The numbers of visitors and the veneration in which they held Marx both increased over the years. The mean appearance of the grave started to shock many. At the 1923 Socialist Annual Conference Charles McLean prefaced a dull report to the hall with an account of a trip he had taken to see the grave at Highgate. “He had some difficulty in finding It” reported the Burnley News “it was only after an hour's search that he was able to stand at the foot of the grave.” He deplored the poverty stricken character of the memorial “an old withered wreath, which appeared to have been lying there for years, and an old flower-pot with a scarlet geranium in bloom, were all that commemorated the memory of that great figure…..some day, he felt, there would be international pilgrimages to Highgate Cemetery—just as there were pilgrimages to Mecca by the Moslems. He hoped he would live see the day when the memory of Karl Marx would have greater meaning.” The Soviets were appalled. If the British wouldn’t look after Marx, they would. By the end of the 1920’s The Soviet Government were applying pressure to HM's Government to allow them permission to exhume Marx and remove him to Moscow where the plan was to lie him in state next to Lenin in Red Square. To bolster their application they had even tracked down 115 descendants of Marx’s in East Germany who had signed a petition supporting the removal of their famous ancestor from the capitalist west. The pressure was resisted and the request refused.
In the greatest secrecy possible one cold night in November 1954 five grave diggers met at the cemetery gates at midnight and after erecting a canvas screen around the burial plot and firing up their oil lamps they started the grim work of exhuming the four coffins from the Marx plot (as well as Marx, Jenny and their grandson Harry, the faithful family servant Helena Demuth had also been buried there, apparently at the insistence of Jenny Marx herself). The four coffins were gingerly carried to a newly excavated grave on a site next to the main path where a cedar tree had been felled to make way for it. It was two years before the new memorial was unveiled by Harry Pollitt, General Secretary of the Communist Party of Great Britain. A massive sculpted head of the man himself, made by Laurence Bradshaw, stands on a 12 foot high granite plinth with gold lettering.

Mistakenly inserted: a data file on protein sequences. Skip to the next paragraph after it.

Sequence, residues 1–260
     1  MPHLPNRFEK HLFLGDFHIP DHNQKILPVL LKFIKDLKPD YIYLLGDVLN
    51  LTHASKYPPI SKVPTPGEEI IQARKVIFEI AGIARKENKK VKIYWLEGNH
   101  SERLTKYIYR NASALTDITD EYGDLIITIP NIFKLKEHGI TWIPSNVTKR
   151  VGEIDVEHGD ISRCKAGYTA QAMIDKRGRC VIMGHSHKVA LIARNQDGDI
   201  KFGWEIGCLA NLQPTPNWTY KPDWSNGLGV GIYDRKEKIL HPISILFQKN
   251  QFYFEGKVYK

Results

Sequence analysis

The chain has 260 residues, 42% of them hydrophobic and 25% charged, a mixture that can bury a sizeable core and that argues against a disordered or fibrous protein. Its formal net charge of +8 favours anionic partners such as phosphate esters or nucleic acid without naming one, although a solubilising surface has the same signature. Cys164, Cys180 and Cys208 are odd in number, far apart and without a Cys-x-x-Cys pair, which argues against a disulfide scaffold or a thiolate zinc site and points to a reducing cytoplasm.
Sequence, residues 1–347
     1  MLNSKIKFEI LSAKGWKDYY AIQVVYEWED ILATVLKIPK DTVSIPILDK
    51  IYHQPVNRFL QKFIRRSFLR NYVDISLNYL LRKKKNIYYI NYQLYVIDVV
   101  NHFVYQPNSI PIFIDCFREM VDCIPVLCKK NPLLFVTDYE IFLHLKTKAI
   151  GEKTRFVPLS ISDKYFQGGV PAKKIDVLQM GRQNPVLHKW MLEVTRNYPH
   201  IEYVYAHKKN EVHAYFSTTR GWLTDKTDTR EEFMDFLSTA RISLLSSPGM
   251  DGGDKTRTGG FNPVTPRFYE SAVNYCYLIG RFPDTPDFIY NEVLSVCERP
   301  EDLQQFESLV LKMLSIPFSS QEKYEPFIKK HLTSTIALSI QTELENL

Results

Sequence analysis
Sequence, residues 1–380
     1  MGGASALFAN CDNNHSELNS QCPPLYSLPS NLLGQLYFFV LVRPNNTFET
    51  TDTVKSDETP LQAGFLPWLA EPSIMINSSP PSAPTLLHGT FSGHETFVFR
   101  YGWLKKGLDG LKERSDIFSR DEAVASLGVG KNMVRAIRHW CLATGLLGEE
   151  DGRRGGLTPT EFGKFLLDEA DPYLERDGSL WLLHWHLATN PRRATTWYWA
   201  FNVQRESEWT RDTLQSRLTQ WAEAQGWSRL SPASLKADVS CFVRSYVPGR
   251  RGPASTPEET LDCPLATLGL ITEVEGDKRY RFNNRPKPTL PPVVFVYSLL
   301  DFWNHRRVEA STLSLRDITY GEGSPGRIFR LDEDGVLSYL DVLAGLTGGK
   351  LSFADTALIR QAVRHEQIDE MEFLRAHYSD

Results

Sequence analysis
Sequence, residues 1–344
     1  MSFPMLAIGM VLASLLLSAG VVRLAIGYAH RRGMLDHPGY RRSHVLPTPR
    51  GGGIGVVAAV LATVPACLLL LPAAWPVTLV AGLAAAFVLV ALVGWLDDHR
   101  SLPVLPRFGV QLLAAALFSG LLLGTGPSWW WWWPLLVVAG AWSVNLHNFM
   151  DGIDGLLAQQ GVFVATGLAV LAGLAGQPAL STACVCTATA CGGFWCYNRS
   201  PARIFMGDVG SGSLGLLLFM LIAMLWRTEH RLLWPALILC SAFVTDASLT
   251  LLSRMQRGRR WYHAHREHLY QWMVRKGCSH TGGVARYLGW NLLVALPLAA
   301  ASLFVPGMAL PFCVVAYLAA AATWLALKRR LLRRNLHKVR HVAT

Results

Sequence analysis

It was probably the more humble aspect of Marx’s old grave (and the fact that it was hard to find) that saved it from the unwanted attentions of those who violently disagreed with his politics. In total contrast the provoking new memorial was almost an incitement. Right wing vandals have spent the last 60 years clambering over the graveyard walls in the dead of night to daub swastikas and slogans (including “I love Eichmann”) over the slumbering philosopher. In 1970 person or persons unknown tried to blow the monument up. The sophisticated plan involved sawing off Karl’s nose and then emptying bolts, fireworks and a mixture of weedkiller and sugar into the hollow head. The plot was foiled when many hours of sawing revealed that the nose was solid and therefore no easy route into the empty space inside the brain cavity. The bombers had to detonate their device on the ground next to the memorial. They managed to cause £600 worth of damage but the hacksaw had done more to deface the bust than their bomb. Since the end of the cold war things had quietened down but in 2011 another unwanted amateur paint job drew the ire of leading left winger Tony Benn and the chairwoman of the Highgate Society, Catherine Budgett-Meakin.
Unused footage shot by British Pathé in 1968 of the Soviet Ambassador laying a wreath at Marx's new grave